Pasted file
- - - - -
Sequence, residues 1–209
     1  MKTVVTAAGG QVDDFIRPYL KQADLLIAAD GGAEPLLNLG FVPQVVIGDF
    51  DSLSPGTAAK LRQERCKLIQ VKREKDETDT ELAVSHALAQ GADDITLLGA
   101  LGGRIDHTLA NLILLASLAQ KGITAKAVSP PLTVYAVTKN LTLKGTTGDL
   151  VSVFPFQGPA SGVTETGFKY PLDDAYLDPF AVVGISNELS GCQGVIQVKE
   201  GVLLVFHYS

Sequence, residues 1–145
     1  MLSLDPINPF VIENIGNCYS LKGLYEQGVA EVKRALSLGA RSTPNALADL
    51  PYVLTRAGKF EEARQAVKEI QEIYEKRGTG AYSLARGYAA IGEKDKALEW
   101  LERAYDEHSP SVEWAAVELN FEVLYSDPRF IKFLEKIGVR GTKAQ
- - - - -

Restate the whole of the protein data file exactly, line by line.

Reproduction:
Sequence, residues 1–209
     1  MKTVVTAAGG QVDDFIRPYL KQADLLIAAD GGAEPLLNLG FVPQVVIGDF
    51  DSLSPGTAAK LRQERCKLIQ VKREKDETDT ELAVSHALAQ GADDITLLGA
   101  LGGRIDHTLA NLILLASLAQ KGITAKAVSP PLTVYAVTKN LTLKGTTGDL
   151  VSVFPFQGPA SGVTETGFKY PLDDAYLDPF AVVGISNELS GCQGVIQVKE
   201  GVLLVFHYS

Sequence, residues 1–145
     1  MLSLDPINPF VIENIGNCYS LKGLYEQGVA EVKRALSLGA RSTPNALADL
    51  PYVLTRAGKF EEARQAVKEI QEIYEKRGTG AYSLARGYAA IGEKDKALEW
   101  LERAYDEHSP SVEWAAVELN FEVLYSDPRF IKFLEKIGVR GTKAQ